In Chevron RICO Suit Against Amazonians, Who's The Real Gangster?

This post originally appeared on the San Francisco Chronicle's City Brights blog. Have you ever seen the movies Erin Brokovich or The Rainmaker? Basic plotline: evil company dumps poison into town's drinking water, for years people get sick while the company denies any wrongdoing, but then someone decides it's time to fight back. The big company has a band of lawyers and dirty tricks up its sleeve. But, in the end, the community wins. The underdog town prevails and restores our belief that bullies, even the rich and powerful, don't win in the end. Let's hope the upcoming verdict in a landmark case against Chevron — brought by an Ecuadorean community in the Amazon for decades of drinking water contamination — has the same victorious end. Unfortunately, right now all I see is a big, rich company and a lot of dirty legal tricks. This week, Chevron slapped the Ecuadorean community and their lawyers with a Racketeer Influenced and Corrupt Organizations Act (RICO) suit. Congress enacted the RICO Act in 1970 in an effort to rein in the Mafia. That's right — Chevron is accusing a remote rainforest community in the Amazon of racketeering. Chevron's Toxic Legacy in the Ecuadorean Amazon Ines Suarez, 33, and her daughter Angie Christina Castillo Suarez, 2, outside their home near San Carlos, Ecuador. Angie and her family suffer severe health problems from drinking water contaminated by the oil waste that was dumped into local watercourses when Texaco (now Chevron) drilled for oil in the area. Photo by Caroline Bennett / Rainforest Action Network. View more images of Chevron's Toxic Legacy in the Ecuadorean Rainforest. Quick straw poll: between the multi-billion dollar oil company and the Indigenous rainforest community in Ecuador, who do you think has more in common with a gangster? The company's attempts to deflect attention from the overwhelming evidence of its guilt in polluting the Ecuadorean Amazon is looking as desperate as a Mafia Boss running from tax evasion. As the New York Times put it:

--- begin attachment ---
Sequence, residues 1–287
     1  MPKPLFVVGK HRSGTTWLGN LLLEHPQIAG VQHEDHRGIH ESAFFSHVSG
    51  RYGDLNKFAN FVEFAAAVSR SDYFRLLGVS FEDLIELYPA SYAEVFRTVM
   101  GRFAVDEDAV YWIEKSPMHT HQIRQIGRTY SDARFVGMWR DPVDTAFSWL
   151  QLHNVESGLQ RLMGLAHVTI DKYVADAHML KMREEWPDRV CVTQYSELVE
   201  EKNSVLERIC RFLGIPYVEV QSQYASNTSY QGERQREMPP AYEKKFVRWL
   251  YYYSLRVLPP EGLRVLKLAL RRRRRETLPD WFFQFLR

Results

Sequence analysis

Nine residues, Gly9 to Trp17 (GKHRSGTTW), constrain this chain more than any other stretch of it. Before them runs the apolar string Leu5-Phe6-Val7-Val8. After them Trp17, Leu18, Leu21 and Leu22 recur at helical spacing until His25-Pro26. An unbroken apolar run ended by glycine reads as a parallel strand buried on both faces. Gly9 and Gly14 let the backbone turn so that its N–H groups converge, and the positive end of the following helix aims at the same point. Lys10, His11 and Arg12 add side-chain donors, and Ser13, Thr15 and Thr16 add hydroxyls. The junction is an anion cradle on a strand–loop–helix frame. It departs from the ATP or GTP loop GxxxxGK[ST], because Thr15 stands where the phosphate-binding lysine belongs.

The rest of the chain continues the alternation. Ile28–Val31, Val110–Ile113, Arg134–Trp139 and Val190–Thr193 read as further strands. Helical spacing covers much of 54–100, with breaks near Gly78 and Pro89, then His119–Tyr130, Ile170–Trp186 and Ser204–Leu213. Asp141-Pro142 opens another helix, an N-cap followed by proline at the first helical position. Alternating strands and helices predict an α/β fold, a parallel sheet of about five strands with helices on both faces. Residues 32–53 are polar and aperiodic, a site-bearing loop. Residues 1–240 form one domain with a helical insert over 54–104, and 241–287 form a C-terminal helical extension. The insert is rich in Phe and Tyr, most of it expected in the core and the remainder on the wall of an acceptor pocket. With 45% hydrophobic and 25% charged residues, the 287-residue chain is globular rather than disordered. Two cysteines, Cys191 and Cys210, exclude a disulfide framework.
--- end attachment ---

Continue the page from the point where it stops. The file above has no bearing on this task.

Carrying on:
Chevron Corp.'s racketeering likely part of a wider strategy aimed at helping the oil giant reach a more favorable settlement, according to legal experts. A judge in Ecuador is close to issuing a decision in the long-running case there, and Chevron is becoming ever more desperate to undermine the plaintiffs in U.S. courts. The company could face billions of dollars in damages, potentially making the case the biggest environmental verdict of all time.
Chevron is facing a multi-billion dollar lawsuit in Ecuador after failing to properly clean up billions of gallons of toxic oil waste the company dumped in the Amazon. The lawsuit has been ongoing for eighteen years, and during that time many have died from toxic exposure. What is at stake for the people in Ecuador is the cleanup and remediation of a fragile eco-system that the community depends on for their basic survival. What's at stake is justice. For Chevron the stakes include the billions of dollars in assessed damages, the company's self-ascribed do-gooder reputation, and a precedent for how corporations are held accountable for environmental and human rights crimes. The precedent this case will set for corporate accountability explains why it is the environmental lawsuit that scholars, advocates and the industry are closely watching. With so much on the line for Chevron, the company is ramping up its efforts to absolve itself of any liability, including prosecuting the very victims its actions have harmed. Ultimately, Chevron's executives and lawyers have shown that they are willing to do whatever it takes to avoid responsibility for cleaning up the oily mess left in the Amazon, a mess that is making people seriously sick. The RICO suit is the latest in a growing list of corporate bullying efforts aimed at discrediting the case and the affected communities. Chevron's aim: to shroud the case with enough suspicion and controversy that, should the court rule in favor of the Amazonian communities, a guilty judgment would be difficult to enforce in the U.S. or other countries where Chevron has assets. Basically, even if the company is found guilty, which its recent behavior seems to indicate is likely, the oil giant has positioned itself to avoid paying a cent. So, who's the real gangster here? The Chevron Godfathers with their team of fancy legal consiglieres and PR wise guys, engaged in a whole host of cons and intimidation tactics? Or the Ecuadorean plaintiffs, who are largely poor, forest villagers who have literally seen their families and neighbors poisoned? It's hopeful to remember that the movie Erin Brokovich was based on a real person and a real story. Dirty companies making people sick is not just a Hollywood phenomenon. Luckily, neither is justice.